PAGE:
World Journal of Surgery

, Volume 32, Issue 12, pp 2586–2592

Skin-Sparing Mastectomy with Immediate Breast Reconstruction by a New Modification of Extended Latissimus Dorsi Myocutaneous Flap

  • Adel Denewer
  • Ahmed Setit
  • Osama Hussein
  • Omar Farouk

DOI: 10.1007/s00268-007-9401-z

Cite this article as:
Denewer, A., Setit, A., Hussein, O. et al. World J Surg (2008) 32: 2586. doi:10.1007/s00268-007-9401-z



The introduction of skin-sparing mastectomy has revolutionized both breast cancer surgery and breast reconstruction. Latissimus dorsi myocutaneous flap is a versatile flap that is gaining renewed popularity with the development of flap modifications and the continued recognition of its reliability and safety. We report our results with a new modification of the extended latissimus dorsi flap after skin-sparing mastectomy for breast cancer.


From January 2002 to January 2006, 140 patients of breast carcinoma had unilateral skin-sparing mastectomy and immediate breast reconstruction. A total of 132 cases of invasive duct carcinoma and eight cases of invasive lobular carcinoma are included. Age ranged from 27 to 53 (median, 40.5) years. Tumor stage was stage I in 22 cases, stage II in 100 cases, and stage III in 18 cases. We performed a new modification to the standard extended latissimus dorsi flap, which allowed us to obtain enough autologous tissue to reconstruct the relatively large breast of the Egyptian women without implant. The postoperative aesthetic results and donor side morbidity, including contour deformity and scaring, were examined.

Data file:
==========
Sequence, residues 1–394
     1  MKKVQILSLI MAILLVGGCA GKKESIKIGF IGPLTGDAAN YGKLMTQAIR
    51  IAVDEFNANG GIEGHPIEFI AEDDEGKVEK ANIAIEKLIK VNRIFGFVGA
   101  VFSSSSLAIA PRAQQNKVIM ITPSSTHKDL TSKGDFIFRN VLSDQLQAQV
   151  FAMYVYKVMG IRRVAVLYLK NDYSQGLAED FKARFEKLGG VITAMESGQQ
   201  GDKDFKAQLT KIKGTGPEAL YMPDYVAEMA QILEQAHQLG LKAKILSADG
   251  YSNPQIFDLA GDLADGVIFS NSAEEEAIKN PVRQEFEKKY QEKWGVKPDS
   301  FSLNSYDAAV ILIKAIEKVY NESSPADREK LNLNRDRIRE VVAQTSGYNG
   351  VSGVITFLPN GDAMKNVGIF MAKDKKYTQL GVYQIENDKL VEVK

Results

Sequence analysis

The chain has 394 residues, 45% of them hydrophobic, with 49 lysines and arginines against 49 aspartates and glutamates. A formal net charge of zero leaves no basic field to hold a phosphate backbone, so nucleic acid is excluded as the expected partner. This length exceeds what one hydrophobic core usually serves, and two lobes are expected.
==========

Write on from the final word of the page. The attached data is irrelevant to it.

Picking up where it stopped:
We applied both an objective and subjective aesthetic result monitoring. Aesthetic grading results of breast reconstruction were excellent in 85, good in 42, fair in ten and poor in three cases. Both flap and donor site complications were minor. Patients were followed for a median of 32.4 (range, 12-48) months. During this period of follow-up, no episode of local or distant failure was observed.


Skin-sparing mastectomy with immediate breast reconstruction using our new modification of extended latissimus dorsi flap allows single-stage, totally autologous reconstruction with satisfactory aesthetic results and low morbidity.


Breast carcinoma is the commonest malignant tumor in adult Egyptian females. It accounts for nearly 37% of cancer cases in this population [1].

We have come a long way from the days of radical mastectomies to modified radical mastectomies to conservative breast surgery. Skin-sparing mastectomy has improved the postoperative outcome of breast reconstruction with autogenous tissue [2].